It probably hasn't escaped your attention that my spirits have been low lately. The fire, the camera thefts, other unethical behavior by fellow humans, and back pain have dragged me down and left me exhausted. I started my day by reminding myself that many wonderful people, dogs, and places surround me. I usually can keep perspective and remember how lucky I am. I'm hoping to regain that ability soon.
K's soulful eyes in the photo below, taken in the dwindling light of sunset, remind me of the good in life.Today, I thought that I would shake the blues that have possessed me for a couple of weeks. It was a glorious, warm, and colorful autumn day. I had both halves of our wonderful and lovable Duo with me for a mountain bike ride through blazing aspen groves.
We started early, when it was still crisp and the smoke was down. The stunning mountains met us at the top of the world.Both K and R donned muzzles to prevent 'shrooming. I heeded advice from the comments and tried loosening K's muzzle. Unfortunately, it didn't improve her disposition but it did look more comfortable.
When I briefly took off the muzzles, they both looked relieved but K even more than R. Although they are both full Labs, their temperaments are a study in contrasts. Almost nothing fazes R but K is extraordinarily sensitive and insecure about any change in her world, especially changes that make her feel less able to protect herself.
Shortly later, as I pedaled through an aspen grove, I spotted bear tracks in the sand. When the Duo hit the same spot, they jolted awake like they'd just had espresso injected into their veins. I already had my camera out so I captured a photo of K as she accelerated to warp speed.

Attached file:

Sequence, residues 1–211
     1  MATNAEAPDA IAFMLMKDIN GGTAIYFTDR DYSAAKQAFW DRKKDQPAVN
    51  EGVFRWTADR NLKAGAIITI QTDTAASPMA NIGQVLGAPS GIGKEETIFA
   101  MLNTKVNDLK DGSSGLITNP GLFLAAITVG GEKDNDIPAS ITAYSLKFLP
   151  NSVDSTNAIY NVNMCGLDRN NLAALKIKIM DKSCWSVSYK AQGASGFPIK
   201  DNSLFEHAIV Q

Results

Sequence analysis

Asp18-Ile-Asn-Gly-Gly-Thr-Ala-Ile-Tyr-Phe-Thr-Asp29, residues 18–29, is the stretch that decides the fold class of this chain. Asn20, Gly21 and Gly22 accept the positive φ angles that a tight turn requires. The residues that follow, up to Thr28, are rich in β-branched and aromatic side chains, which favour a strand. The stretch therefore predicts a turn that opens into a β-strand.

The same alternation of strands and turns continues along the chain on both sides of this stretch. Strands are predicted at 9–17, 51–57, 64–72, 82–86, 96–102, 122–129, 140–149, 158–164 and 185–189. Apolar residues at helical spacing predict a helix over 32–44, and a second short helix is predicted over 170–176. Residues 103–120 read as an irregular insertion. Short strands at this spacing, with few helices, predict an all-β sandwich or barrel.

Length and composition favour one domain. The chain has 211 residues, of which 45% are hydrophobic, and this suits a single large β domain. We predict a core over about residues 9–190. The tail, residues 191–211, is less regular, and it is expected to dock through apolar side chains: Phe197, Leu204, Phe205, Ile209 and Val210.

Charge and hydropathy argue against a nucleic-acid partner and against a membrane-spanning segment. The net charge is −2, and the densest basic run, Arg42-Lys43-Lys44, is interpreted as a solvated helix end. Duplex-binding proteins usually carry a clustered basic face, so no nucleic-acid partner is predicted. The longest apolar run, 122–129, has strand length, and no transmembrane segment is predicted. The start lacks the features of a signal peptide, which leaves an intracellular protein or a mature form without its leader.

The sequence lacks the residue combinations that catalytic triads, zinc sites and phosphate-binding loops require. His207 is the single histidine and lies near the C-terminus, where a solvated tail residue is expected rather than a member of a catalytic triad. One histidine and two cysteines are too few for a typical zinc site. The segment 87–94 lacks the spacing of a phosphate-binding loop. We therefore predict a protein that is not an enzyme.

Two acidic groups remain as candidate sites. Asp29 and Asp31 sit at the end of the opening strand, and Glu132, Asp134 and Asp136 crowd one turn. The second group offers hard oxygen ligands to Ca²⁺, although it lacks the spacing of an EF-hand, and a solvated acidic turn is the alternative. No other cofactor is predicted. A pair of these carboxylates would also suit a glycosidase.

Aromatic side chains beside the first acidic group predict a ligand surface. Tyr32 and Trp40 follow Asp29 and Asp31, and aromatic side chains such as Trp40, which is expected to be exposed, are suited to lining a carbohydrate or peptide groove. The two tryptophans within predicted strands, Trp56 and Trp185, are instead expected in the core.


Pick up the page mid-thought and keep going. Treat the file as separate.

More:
I was SO pleased that they both pivoted and sprinted to me when I called them. It's bear hunting season so the ursines have a lot to contend with. Their metabolisms are sluggish as hibernation season approaches, and armed people are stalking them. The bears don't need the added stress of dogs chasing them - so I'm thrilled that the Duo behaved so well.
When we passed that spot again on the way home, R gave a lot of though to investigating the fascinating scent but he again heeded my call. What a good dog!
After I dropped the Duo off at home, I went to check a wildlife camera. Immediately, my eyes were drawn to five shallow slices on the locking cable. The inept thief barely dented the surface of the cable, and I spent the next hour moving the camera to an extremely remote location. In fact, I hope that my GPS did a good job of marking the spot or I may never find it again! Thwarting evil feels good! That was the only camera that was posted close to a place that humans occasionally visit - now all my cameras are in very hidden places.
Shortly later, I found a campsite, with camping gear set up in it, but a knee-high campfire unattended. Wind out of the west whipped the flames. All around, bone dry grass and trees beckoned the flames. The campsite sat in terrain like the canyon shown in the photo below. I find it hard to believe that people are so utterly clueless and uncaring. A huge wildfire is still burning nearby. Isn't that sufficient reminder to pay attention to a campfire?
After finding the campers and using great restraint to remain polite while talking with them about their fire, I managed to let the incident roll off my back. It was a glorious autumn day, not one to be squandered while continually fulminating over a few bad people.
At another wildlife camera that I checked on my loop, I found that a mother deer and fawn had passed through at dawn. Here, the mother is ahead of the fawn and noticed my camera.
In a few steps, the fawn stood, barely visible behind the doe. The fawn's eye barely reaches her mother's shoulder. According to my reading, a mule deer fawn stays with its mother for almost a year. I was surprised by the long dependency.
I finished my ride by rolling down this spectacular autumn trail. Although the day started cold, the warm sun kissed my shoulders as I whooshed along the buttery trail. Most of life is good.